An elaboration on this procedure was used to examine possible effects of series resistance on the shape of the dose–response relationship for SNDTT. Series resistance would preferentially affect determination of the fractional block, fB, at high SNDTT concentrations, where differences between Vcontrol and VSNDTT would be maximal. This trend might generate an artificially complex dose–response relationship, and the voltage dependence of steady-state block could further complicate the situation. A cell with relatively high voltage error (∼13 mV at Vcom = +40 mV for Icontrol) was analyzed in the following manner. Extrapolation of Icontrol was performed as above to provide estimates of corrected B/O at VSNDTT for each SNDTT concentration. The observed exponential voltage dependence of B/O (−0.3 e0; see Fig. 5 C) was then used to calculate the corrected B/O value of each concentration at +40 mV. Dose–response curves (fB versus SNDTT concentration) constructed from these data were virtually indistinguishable from uncorrected data.
For each application, racemic (d, l) SNDTT was synthesized by mixing equal volumes of the following stock solutions, which were prepared in the extracellular recording solutions described above: 100 mM d,l-DTT, 300 mM HCl; and 200–300 mM NaNO2. At low pH, NO2 is a NO+ donor, and readily nitrosylates thiol groups (Arnelle and Stamler 1995). Reaction of thiol with equimolar NO2 under these conditions is reportedly complete, with virtually no remaining NO2 (Arnelle and Stamler 1995). The two- to threefold excess of NO2 over DTT ensures that both thiol groups on the DTT molecule are nitrosylated (Le et al. 1997), and this reactant ratio was used throughout, except in specific experiments that are indicated. The resulting 50-mM SNDTT solution was diluted in physiological solutions, and the pH was adjusted using NaOH. The nitrosylated monothiols S-nitroso-β-mercaptoethanol and S-nitroso-1-thioglycerol were prepared from β-mercaptoethanol and 1-thioglycerol respectively, using the synthesis described above, but with a 1:1 NO2/thiol ratio. All reagents were purchased from Sigma-Aldrich.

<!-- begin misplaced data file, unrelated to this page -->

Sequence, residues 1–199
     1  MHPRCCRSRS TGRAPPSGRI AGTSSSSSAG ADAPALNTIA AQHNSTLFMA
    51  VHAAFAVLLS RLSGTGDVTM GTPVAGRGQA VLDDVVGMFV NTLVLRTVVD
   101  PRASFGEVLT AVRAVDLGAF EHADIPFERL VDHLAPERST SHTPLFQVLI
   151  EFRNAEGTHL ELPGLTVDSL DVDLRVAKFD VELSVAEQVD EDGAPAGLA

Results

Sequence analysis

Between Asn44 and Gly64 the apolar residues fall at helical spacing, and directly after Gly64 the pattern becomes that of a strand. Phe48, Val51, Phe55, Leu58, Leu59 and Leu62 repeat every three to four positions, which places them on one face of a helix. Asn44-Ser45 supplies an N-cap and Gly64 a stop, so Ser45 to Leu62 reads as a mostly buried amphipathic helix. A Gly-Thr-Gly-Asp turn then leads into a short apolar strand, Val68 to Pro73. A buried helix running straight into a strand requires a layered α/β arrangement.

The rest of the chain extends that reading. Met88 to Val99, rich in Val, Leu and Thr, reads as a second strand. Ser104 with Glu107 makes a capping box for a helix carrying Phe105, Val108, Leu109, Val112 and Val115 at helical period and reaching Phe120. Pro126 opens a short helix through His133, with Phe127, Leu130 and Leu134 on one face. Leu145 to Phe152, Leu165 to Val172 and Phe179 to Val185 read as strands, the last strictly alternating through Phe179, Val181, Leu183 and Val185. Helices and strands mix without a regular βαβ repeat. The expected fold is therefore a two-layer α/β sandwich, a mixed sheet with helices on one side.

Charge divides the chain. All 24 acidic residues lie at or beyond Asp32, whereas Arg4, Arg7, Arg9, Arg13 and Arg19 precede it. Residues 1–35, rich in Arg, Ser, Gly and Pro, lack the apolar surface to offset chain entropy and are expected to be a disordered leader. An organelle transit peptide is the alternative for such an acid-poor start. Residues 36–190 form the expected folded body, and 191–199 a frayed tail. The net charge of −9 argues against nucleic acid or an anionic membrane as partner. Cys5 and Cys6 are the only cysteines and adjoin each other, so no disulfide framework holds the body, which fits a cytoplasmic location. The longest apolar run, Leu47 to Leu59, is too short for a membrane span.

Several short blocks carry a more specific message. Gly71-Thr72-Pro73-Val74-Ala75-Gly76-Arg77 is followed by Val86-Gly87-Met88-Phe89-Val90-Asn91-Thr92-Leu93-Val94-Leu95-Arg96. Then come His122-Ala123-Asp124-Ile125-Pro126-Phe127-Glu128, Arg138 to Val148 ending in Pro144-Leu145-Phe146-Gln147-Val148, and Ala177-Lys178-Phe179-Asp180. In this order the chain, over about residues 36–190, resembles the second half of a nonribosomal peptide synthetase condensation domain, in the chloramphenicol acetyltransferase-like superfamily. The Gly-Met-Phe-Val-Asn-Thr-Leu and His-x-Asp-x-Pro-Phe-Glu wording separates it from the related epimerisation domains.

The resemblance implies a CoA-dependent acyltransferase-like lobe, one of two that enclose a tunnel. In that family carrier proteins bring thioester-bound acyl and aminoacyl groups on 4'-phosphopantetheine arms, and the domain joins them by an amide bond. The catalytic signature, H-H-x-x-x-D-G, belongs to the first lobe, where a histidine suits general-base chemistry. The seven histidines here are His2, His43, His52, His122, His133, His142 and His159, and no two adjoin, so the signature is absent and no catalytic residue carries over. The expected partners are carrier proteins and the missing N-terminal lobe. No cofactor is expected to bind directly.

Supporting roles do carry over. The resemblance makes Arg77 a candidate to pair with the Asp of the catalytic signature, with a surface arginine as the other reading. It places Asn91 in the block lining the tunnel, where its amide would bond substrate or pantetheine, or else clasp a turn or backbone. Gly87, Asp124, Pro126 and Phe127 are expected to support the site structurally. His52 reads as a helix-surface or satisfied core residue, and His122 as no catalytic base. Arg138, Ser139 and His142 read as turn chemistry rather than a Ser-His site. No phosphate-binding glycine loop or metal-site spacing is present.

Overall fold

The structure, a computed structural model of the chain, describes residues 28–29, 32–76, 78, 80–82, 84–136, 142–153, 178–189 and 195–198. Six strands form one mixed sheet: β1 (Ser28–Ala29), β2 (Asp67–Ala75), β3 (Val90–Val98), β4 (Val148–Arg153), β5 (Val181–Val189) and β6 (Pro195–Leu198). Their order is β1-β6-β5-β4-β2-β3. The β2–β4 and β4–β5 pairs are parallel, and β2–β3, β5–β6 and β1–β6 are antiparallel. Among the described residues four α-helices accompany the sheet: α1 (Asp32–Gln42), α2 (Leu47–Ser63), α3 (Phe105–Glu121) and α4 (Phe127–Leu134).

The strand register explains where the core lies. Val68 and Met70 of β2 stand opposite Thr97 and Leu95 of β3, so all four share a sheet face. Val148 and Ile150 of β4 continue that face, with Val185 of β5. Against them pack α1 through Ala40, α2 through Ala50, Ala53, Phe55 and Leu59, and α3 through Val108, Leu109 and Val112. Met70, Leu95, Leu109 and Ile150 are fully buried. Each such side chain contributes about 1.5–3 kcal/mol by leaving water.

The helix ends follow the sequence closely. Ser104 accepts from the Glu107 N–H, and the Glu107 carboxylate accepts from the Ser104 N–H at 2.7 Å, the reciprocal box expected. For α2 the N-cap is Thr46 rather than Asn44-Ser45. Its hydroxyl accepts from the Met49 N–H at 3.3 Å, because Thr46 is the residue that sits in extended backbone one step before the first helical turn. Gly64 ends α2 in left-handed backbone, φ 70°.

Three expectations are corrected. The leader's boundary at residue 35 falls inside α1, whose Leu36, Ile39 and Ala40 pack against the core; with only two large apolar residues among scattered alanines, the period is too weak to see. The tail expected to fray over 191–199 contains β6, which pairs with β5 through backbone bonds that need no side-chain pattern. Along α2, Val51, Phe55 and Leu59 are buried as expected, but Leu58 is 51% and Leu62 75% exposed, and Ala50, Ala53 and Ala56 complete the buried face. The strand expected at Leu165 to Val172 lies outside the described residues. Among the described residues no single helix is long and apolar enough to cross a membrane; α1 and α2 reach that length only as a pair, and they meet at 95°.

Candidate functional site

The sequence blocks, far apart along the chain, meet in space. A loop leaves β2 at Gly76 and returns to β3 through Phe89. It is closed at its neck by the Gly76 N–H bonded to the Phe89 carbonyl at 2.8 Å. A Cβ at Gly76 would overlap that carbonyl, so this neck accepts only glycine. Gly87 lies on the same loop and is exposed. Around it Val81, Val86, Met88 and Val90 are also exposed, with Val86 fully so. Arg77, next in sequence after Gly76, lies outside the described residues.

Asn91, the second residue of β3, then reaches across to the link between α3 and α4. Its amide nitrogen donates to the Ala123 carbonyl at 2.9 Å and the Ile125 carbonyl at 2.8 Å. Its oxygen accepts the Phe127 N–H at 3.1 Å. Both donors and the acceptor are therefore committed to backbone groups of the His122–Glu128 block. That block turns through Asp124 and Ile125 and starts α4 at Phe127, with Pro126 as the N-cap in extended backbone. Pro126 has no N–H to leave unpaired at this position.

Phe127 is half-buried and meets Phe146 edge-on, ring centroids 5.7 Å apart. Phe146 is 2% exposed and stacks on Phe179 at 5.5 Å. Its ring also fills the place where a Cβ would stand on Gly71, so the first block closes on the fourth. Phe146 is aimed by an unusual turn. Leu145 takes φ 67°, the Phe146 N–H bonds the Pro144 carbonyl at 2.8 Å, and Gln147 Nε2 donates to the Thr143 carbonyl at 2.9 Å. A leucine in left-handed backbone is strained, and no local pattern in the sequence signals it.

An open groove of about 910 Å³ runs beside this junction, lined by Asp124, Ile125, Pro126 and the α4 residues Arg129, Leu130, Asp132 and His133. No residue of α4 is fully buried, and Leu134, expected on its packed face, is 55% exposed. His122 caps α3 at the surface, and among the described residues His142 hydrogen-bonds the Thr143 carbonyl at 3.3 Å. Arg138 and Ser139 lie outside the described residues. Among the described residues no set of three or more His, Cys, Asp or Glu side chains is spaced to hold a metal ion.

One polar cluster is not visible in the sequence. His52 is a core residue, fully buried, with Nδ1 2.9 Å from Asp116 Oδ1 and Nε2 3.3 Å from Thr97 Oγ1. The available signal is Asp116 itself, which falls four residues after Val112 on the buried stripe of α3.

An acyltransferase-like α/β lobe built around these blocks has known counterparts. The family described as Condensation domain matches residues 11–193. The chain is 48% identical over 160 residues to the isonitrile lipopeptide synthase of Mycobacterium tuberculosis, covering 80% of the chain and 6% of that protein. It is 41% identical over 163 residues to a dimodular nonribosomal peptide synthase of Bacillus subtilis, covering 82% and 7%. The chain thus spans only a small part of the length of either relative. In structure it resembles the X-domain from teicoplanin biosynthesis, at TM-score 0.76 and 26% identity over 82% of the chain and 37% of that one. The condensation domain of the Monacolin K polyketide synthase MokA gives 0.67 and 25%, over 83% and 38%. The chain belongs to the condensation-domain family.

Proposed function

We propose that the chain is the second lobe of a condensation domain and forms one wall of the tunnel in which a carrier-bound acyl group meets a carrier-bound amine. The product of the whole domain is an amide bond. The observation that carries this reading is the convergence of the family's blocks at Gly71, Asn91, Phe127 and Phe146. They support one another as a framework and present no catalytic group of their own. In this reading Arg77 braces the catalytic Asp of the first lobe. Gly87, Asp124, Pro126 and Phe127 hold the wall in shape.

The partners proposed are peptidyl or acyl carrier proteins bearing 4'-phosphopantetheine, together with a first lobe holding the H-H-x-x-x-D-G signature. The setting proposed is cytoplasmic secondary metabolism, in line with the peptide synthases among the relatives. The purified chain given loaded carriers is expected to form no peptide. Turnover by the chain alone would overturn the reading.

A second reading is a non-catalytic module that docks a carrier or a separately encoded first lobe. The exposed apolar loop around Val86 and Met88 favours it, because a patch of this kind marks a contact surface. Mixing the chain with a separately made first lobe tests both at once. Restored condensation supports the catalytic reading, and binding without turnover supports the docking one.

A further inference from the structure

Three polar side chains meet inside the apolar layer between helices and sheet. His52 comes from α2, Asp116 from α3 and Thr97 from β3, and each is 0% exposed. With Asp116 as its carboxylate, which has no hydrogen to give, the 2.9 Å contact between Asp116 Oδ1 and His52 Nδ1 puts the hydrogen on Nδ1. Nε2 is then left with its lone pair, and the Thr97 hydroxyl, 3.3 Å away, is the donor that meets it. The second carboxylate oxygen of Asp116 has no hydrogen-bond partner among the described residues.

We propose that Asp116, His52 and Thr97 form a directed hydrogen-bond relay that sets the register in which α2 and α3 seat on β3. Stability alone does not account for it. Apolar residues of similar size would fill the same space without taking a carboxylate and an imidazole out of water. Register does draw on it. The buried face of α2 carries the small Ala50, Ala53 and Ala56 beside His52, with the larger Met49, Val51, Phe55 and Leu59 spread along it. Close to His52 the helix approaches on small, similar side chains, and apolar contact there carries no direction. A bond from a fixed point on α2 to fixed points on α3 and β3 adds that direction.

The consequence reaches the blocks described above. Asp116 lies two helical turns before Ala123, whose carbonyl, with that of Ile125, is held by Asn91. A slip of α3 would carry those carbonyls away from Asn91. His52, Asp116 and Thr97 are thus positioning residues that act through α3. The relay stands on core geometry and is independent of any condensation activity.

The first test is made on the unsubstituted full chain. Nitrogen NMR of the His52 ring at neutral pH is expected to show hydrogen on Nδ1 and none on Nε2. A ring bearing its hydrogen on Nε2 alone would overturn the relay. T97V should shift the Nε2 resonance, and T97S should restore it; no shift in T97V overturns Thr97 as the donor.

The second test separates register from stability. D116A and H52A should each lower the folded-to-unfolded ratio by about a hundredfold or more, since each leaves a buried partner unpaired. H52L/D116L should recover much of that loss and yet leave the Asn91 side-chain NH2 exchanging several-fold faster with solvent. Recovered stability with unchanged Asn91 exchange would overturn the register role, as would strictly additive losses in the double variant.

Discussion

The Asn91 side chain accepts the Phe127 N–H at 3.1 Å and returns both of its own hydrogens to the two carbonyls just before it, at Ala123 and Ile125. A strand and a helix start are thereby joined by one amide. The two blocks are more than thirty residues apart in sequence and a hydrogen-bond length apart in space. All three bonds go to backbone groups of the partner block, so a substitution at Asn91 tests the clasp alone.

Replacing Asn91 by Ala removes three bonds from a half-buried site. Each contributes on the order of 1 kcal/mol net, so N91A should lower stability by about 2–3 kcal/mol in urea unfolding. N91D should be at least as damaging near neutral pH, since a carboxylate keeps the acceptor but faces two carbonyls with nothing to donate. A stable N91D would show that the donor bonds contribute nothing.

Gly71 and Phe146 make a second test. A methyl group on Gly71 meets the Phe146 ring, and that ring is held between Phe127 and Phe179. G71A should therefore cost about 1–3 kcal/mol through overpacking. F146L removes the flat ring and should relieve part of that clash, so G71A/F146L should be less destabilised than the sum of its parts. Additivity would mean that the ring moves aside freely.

Accounting for SNDTT Breakdown
The instability of SNDTT in solution has been described previously (Arnelle and Stamler 1995; Le et al. 1997). Consistent with the intramolecular nature of the underlying breakdown reaction, the time dependence of SNDTT concentration was well described by a single exponential decay (see Fig. 7). Relative differences in applied SNDTT concentrations should therefore be preserved at matched times after synthesis. This prediction was verified in experiments where the time course of SNDTT concentration (assayed by absorbance at 333 nm) was monitored after the synthesis of different starting concentrations (not shown). Absorbance was measured with a spectrophotometer (model BioSpec-1601; Shimadzu). Except where specified, comparisons of SNDTT blocking properties were obtained at ∼4 min, at which point, ∼25% of synthesized SNDTT has broken down. SNDTT concentrations have not been corrected, and consequently, fB and B/O values are slight underestimates for a stated SNDTT concentration. The shape of dose–response curves should be unaffected, but best-fit values for dissociation constants are overestimates by ∼25%. The time course of recovery from SNDTT block was found to be largely independent of concentration (not illustrated), and two-pulse recovery protocols could thus be performed at various times after synthesis.
Data Analysis and Presentation
Fitting routines and visual preparation of data were performed with the Igor Pro software package (Wavemetrics). Estimated standard errors of fitting parameters were calculated using Prism (GraphPad).
Block of IK in Squid Giant Fiber Lobe Neurons by SNDTT